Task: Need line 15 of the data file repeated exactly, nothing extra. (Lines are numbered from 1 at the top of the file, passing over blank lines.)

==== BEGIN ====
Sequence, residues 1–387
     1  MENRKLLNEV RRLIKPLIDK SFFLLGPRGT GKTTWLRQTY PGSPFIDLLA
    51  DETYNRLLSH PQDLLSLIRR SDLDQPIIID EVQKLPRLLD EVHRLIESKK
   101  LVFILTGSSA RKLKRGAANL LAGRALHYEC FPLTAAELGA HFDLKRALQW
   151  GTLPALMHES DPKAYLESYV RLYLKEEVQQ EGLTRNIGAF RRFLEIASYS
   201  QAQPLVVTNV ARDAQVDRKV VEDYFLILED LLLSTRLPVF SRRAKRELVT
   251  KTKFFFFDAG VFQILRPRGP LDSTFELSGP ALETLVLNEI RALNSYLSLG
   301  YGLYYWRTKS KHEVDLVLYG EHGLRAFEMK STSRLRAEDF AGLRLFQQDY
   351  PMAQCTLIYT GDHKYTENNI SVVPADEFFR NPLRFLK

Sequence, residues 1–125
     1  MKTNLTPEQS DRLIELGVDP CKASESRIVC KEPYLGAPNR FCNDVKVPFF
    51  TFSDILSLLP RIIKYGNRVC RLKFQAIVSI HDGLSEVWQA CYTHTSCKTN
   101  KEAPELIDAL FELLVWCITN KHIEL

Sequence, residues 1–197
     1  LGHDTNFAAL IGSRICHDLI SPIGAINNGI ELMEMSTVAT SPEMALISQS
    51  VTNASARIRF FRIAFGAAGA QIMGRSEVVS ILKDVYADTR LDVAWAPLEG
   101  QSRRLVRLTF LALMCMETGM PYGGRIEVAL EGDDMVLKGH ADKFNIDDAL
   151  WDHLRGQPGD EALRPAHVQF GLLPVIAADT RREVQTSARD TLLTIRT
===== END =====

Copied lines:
     1  LGHDTNFAAL IGSRICHDLI SPIGAINNGI ELMEMSTVAT SPEMALISQS